VOICE originally had five study groups – two gel groups (tenofovir gel and an inactive placebo gel) and three tablet groups (tenofovir, Truvada and an inactive placebo tablet) – with about 1,000 women in each group who were instructed to use their assigned study product every day. VOICE stopped testing oral tenofovir and tenofovir gel, however, after routine reviews of study data by the trial’s independent data safety and monitoring board (DSMB) determined that while each was safe, neither was effective in preventing HIV compared to its matched placebo.
VOICE included numerous measures to monitor and protect the safety and wellbeing of participants, beginning with the clinical research teams at the trial sites who performed thorough checks on the health, safety and welfare of participants at each study visit. In addition, the study teams worked actively to decrease participants’ risk of HIV infection by providing free condoms, regular counseling about preventing HIV and other STIs, and STI testing and treatment. Safety was also monitored by a team at the MTN statistical and data management center that assessed incoming reports on a daily basis; and a VOICE protocol safety review team that provided regular monthly oversight. An independent group of clinical research experts, bioethicists and statisticians called a data safety monitory board, or DSMB, also conducted regular reviews of blinded data while VOICE was in progress. The DSMB conducted four
routine reviews of safety data and three reviews for efficacy – an assessment of the number of HIV infections that occurred in each of the different study groups since the study began. At no time did the DSMB have any major concerns about the safety of the products.
The Products Studied
The Vaginal Gel: The active ingredient in tenofovir gel belongs to a class of ARVs called nucleoside/nucleotide reverse transcriptase inhibitors (NRTIs). In its oral form, tenofovir disoproxil fumarate (TDF), known by the brand name Viread®, is approved as a treatment for HIV infection in combination with other medications. Laboratory and nonclinical studies have demonstrated that tenofovir gel acts on certain cells of the vagina and cervix that are the primary targets for HIV infection. Clinical safety studies performed to date have found it is well-tolerated and safe. In July 2010, a study called CAPRISA 004 found tenofovir gel was safe and reduced the risk of HIV by 39 percent among women who used it before and after vaginal sex compared to women who used a placebo gel. CAPRISA 004 involved 889 women at two sites in South Africa. A Phase III trial, called FACTS-001, is evaluating the same regimen used in CAPRISA 004 and plans to enroll at least 2,700 women at nine sites in South Africa, with results expected in 2015.
The ARVs: Tenofovir and Truvada, the brand name for a combination drug consisting of tenofovir and emtricitabine (FTC), are NRTIs that are approved for and widely used for the treatment of HIV. In July 2012, the U.S. FDA approved the use of Truvada also for prevention of HIV based primarily on the results of two studies. The iPrEx Study of 2,500 men who have sex with men, there were 42 percent fewer HIV infections among participants assigned to daily use of Truvada compared to the placebo group. The Partners PrEP Study evaluated the safety and effectiveness of both tenofovir and Truvada among 4,758 heterosexual couples in whom one of the partners is HIV-positive. There were 67 percent fewer HIV infections among participants assigned to take tenofovir daily compared to participants who took a placebo tablet, and 75 percent fewer infections among those who took Truvada. In a smaller trial of 1,200 heterosexual men and women in Botswana, researchers from the U.S. Centers for Disease Control and Prevention found 62.6 percent fewer HIV infections occurred in the group assigned to take Truvada than in the placebo group. Yet, the FEM-PrEP Study was unable to demonstrate that daily use of Truvada was effective among 2,119 higher-risk women between the ages of 18 to 35 in Kenya, South Africa and Tanzania. To date, of the more than 8,000 participants involved in previous trials, drug resistance has been detected in only a handful of cases and concerns about safety have been few and minimal. In a minority of participants, side effects such as mild nausea and diarrhea were experienced in the first few weeks of starting study product.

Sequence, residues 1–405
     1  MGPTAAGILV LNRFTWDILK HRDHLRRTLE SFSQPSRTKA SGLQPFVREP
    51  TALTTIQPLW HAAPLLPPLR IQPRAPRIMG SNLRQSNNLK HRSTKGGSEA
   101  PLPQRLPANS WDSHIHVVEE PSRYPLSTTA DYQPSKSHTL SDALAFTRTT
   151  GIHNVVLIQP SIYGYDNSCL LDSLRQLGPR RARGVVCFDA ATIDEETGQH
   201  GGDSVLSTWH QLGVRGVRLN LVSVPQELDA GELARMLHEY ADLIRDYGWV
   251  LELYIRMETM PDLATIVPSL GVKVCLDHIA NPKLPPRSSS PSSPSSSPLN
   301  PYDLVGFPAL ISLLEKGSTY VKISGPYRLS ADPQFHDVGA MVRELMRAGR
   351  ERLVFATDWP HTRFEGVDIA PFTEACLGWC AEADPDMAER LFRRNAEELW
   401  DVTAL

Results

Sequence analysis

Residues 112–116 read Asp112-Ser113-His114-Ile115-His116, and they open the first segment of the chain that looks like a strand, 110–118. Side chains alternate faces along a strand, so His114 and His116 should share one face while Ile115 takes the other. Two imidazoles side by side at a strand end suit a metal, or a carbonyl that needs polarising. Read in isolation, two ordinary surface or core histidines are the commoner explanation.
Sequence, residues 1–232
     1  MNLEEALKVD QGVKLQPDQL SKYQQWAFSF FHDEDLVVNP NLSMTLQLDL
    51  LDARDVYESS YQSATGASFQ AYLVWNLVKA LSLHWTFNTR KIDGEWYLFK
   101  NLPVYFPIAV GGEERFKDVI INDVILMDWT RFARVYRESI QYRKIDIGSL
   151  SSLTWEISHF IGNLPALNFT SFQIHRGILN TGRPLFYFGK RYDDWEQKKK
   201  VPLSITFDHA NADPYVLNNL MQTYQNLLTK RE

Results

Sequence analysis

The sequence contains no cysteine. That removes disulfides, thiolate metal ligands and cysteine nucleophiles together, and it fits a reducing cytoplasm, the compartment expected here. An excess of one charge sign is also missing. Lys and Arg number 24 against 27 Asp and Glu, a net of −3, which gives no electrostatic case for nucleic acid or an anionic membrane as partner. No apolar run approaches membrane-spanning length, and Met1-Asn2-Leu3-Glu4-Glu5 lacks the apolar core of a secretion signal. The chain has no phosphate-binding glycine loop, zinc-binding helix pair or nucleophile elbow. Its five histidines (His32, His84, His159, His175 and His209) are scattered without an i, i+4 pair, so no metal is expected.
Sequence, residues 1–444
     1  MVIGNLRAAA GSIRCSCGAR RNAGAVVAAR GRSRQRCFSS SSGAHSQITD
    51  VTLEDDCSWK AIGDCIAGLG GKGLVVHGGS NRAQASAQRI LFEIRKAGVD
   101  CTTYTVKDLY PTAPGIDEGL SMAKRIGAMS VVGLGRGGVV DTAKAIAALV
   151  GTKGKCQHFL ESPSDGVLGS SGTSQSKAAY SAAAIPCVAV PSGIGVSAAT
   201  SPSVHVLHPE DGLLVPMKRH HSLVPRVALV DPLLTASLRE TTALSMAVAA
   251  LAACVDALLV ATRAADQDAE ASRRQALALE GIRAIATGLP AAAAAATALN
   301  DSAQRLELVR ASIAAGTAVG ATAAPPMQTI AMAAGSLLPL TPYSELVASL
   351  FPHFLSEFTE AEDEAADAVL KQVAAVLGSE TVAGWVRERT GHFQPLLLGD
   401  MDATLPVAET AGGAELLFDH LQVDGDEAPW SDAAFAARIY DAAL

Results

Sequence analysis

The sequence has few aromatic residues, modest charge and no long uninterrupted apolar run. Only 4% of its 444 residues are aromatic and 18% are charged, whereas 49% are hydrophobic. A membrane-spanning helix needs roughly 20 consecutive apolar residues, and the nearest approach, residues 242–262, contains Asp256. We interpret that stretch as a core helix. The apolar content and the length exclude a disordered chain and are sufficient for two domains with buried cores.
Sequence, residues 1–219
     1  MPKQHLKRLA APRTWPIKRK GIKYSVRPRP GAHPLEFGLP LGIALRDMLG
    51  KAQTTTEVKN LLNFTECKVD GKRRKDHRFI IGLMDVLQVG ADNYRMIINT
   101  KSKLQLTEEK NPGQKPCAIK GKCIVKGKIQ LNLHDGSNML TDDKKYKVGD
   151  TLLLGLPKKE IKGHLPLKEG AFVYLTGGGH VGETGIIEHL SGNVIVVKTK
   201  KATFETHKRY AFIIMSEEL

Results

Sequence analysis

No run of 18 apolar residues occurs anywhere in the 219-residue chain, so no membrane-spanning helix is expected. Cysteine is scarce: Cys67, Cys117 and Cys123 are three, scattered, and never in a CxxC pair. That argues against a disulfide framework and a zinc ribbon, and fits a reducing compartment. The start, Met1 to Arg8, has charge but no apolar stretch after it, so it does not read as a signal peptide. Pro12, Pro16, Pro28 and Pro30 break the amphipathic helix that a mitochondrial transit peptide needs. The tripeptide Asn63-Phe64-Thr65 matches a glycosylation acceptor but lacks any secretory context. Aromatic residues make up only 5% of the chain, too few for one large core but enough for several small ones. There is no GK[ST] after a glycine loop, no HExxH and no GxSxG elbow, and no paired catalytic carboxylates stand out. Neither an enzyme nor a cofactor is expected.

Viread and Truvada are registered trademarks of Gilead Sciences, Inc., of Foster City, Calif., U.S. Gilead assigned a royalty-free license for tenofovir gel to CONRAD, of Arlington, Virginia, and the International Partnership for Microbicides of Silver Spring, Maryland, in 2006. For VOICE, Gilead is providing the oral products free of charge, and CONRAD is providing both the gel and gel applicators at no cost.
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About the MTN
The Microbicide Trials Network (MTN) is an HIV/AIDS clinical trials network established in 2006 by the National Institute of Allergy and Infectious Diseases (NIAID), part of the U.S. National Institutes of Health (NIH). The MTN brings together international investigators and community and industry partners who are devoted to reducing the sexual transmission of HIV through the development and evaluation of products applied topically or administered orally, working within a unique infrastructure specifically designed to facilitate the research required to support licensure of these products for widespread use.
Based at the University of Pittsburgh and Magee-Womens Research Institute in Pittsburgh, Pennsylvania, USA, MTN’s core operations are supported by a network laboratory at the University of Pittsburgh, a statistical and data management center housed within the Statistical Center for HIV/AIDS Research & Prevention (SCHARP) at the Fred Hutchinson Cancer Research Center, and FHl 360, a global organization with expertise conducting clinical protocols. MTN conducts its trials at clinical research sites located in seven countries and spanning three continents. MTN receives its funding from three NIH institutes: NIAID, the National Institute of Mental Health and the Eunice Kennedy Shriver National Institute of Child Health and Human Development. Among the groups developing and evaluating microbicides for HIV prevention globally, the MTN is the only one funded by NIH. More information about the VOICE Study and other MTN studies can be found at http://www.mtnstopshiv.org/news/studies/mtn003